AI may cause human extinction, ChatGPT creator Sam Altman and other tech leaders warn

AI tools like ChatGPT are expanding at an alarming rate. While they have been designed to make things simpler, leading tech leaders from across the world have warned about the dire consequences of AI. The tech leaders, including OpenAI founder Sam Altman, Microsoft CTO Kevin Scott among others have issued a warning that artificial intelligence (AI) technology should be viewed as a significant risk to society. It can be as dangerous for humanity as pandemics and nuclear wars are. The Center for AI Safety released a statement which has been signed by hundreds of executives and academics, emphasizing the need to prioritize the regulation of AI and address the risks it poses to humanity.

The statement highlights concerns about AI’s potential to impact job markets, negatively affect public health, and enable the “weaponization of disinformation”, discrimination, and impersonation. Industry figures, including the leaders of Google’s DeepMind, OpenAI (the developer of ChatGPT), and AI startup Anthropic, have called for regulations due to the existential fears associated with AI.

“Mitigating the risk of extinction from AI should be a global priority alongside other societal-scale risks such as pandemics and nuclear war,” the statement said.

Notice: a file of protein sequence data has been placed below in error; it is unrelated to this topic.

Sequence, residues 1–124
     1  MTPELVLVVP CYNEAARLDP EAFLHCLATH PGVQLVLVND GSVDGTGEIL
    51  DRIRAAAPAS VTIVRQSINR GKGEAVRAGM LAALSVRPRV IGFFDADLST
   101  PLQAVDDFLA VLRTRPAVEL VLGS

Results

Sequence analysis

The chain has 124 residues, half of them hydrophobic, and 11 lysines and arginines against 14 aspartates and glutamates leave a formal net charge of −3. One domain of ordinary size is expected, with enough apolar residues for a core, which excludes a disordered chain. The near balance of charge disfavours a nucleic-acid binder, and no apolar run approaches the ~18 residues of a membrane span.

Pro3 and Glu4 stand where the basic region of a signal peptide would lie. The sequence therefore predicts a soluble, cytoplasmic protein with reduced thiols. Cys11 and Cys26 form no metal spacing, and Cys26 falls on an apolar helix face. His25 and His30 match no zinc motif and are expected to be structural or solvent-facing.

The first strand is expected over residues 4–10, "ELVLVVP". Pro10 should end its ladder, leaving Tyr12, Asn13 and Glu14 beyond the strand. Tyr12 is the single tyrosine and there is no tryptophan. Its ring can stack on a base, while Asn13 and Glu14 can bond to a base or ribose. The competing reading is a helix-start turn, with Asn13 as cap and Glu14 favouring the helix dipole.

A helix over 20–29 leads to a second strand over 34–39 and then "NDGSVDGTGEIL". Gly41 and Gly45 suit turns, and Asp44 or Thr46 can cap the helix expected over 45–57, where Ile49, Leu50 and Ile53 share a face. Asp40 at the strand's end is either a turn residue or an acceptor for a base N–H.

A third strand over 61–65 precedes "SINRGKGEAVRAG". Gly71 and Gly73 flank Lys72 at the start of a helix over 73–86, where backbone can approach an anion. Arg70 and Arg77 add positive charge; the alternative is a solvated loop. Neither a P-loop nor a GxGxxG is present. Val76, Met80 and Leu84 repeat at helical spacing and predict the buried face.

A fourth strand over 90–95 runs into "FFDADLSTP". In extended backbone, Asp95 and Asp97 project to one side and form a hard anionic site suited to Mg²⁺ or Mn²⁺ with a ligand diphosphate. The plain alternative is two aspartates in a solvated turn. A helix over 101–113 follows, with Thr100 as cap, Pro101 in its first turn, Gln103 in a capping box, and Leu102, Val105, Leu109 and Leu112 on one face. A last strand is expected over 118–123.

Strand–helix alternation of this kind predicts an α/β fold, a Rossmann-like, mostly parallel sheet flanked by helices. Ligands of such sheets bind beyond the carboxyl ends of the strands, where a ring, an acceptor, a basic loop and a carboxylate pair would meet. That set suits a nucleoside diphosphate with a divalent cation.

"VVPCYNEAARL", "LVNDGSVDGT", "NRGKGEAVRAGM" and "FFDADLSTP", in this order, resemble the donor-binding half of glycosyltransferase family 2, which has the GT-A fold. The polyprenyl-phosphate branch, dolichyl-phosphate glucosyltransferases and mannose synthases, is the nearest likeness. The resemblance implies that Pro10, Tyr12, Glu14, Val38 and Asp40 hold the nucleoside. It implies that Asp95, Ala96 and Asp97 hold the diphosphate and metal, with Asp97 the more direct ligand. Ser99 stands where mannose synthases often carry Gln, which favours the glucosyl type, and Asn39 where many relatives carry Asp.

Geoffrey Hinton, a leading figure in AI, recently left Google because he believes that AI poses a significant risk to humanity. This comes as the UK government, which previously had a different view on AI, now acknowledges its potential risks.

The statement signed by various experts is important because of the wide range of signatories and its focus on existential concerns. The large number of signatories reflects a growing realization within the AI community about the genuine threats posed by AI technology, according to Michael Osborne, a professor of machine learning at the University of Oxford and co-founder of Mind Foundry.

“It really is remarkable that so many people signed up to this letter,” he said. “That does show that there is a growing realisation among those of us working in AI that existential risks are a real concern.”

The concerns about regulating AI stem from its rapid growth and widespread use, which has exceeded industry expectations. The complex and not fully understood nature of AI calls for proactive measures to reduce potential risks. The statement focuses on the immediate need to address the societal risks tied to AI and draws attention to the worries expressed by a diverse group of experts. It urges governments, organizations, and the global community to treat this issue seriously.

“Because we don’t understand AI very well there is a prospect that it might play a role as a kind of new competing organism on the planet, so a sort of invasive species that we’ve designed that might play some devastating role in our survival as a species, “Osborne told Guardian about risks of AI.

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